“Plasma biomarkers of neurodegeneration in patients with Parkinson’s disease and dementia with Lewy bodies and at-risk individuals of Lewy body disease in the NaT-PROBE cohort.” 

Keita Hiraga, et al. – Nagoya University Graduate School of Medicine.

Levels of Alzheimer’s, neurodegeneration, and PD biomarkers in patients with PD, dementia with Lewy bodies, and healthy subjects at high (HR) or low risk (LR) of developing Lewy body disease.

Background: While Alzheimer’s disease (AD) pathology is common in patients with Lewy body disease (LBD), it is unclear whether AD pathology begins to develop during the prodromal or symptomatic phase of LBD. 

This Study: Hiraga and colleagues examined plasma levels of AD, PD, and neurodegeneration biomarkers in patients with PD, dementia with Lewy bodies (DLB), and healthy patients with (high-risk) or without (low-risk) 2 or more symptoms of prodromal LBD.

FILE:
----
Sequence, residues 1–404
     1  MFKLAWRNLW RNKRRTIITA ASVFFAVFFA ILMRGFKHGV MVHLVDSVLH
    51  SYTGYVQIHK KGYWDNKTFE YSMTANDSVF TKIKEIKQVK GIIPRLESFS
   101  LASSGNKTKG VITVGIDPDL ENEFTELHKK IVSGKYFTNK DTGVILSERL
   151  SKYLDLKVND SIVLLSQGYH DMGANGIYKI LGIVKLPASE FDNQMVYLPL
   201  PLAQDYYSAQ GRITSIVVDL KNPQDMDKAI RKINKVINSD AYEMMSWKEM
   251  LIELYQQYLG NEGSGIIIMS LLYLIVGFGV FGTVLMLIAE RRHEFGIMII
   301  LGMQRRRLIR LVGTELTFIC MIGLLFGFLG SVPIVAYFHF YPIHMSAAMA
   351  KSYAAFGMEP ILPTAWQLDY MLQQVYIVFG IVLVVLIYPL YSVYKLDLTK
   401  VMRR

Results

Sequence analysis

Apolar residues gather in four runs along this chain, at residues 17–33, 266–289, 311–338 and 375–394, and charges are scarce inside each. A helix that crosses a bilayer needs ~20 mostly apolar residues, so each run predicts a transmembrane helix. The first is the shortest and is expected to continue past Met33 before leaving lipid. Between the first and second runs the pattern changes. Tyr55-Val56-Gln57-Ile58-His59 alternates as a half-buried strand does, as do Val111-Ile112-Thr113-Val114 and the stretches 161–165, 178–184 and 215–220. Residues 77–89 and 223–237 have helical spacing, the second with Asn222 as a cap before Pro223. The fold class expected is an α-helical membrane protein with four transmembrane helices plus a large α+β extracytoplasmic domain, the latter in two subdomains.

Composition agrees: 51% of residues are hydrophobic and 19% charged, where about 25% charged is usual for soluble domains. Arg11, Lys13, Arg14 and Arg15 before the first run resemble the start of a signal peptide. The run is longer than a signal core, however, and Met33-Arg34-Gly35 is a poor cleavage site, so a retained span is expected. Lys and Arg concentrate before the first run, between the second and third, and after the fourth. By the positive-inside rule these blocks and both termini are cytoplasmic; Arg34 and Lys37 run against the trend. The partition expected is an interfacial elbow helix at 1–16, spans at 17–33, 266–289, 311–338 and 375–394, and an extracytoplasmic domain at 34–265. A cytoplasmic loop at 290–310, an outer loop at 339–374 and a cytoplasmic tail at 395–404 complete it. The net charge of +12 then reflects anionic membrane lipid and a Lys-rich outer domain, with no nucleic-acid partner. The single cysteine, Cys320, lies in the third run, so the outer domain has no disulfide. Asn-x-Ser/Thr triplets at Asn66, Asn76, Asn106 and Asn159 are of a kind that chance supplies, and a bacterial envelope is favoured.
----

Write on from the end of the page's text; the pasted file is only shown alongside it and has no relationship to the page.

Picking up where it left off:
• Subjects were tested for levels of tau phosphorylated at residue 181 (p-Tau181), amyloid-beta composite (Aβ), neurofilament light (NfL), and alpha-synuclein (aSyn). 
  • p-Tau181 levels were elevated in both the PD and DLB groups, while Aβ levels were only elevated in the DLB group. 
  • High-risk subjects, as well as those in the PD and DLB groups, had higher levels of NfL than low-risk subjects, suggesting the onset of neurodegeneration during the prodromal phase. 
  • aSyn levels were reduced in the PD group compared to all others.
  • In the PD group, Aβ and p-Tau181 levels were increased in patients with cognitive impairments compared to those without these impairments, suggesting a role for AD pathology in the cognitive effects of PD. 

Bottom Line: AD pathology appears to play a key role in dementia associated with PD, beginning only during the symptomatic phase of LBD. 

Open Question: Could intervening with anti-amyloid treatments during the prodromal phase of LBD reduce future cognitive symptoms?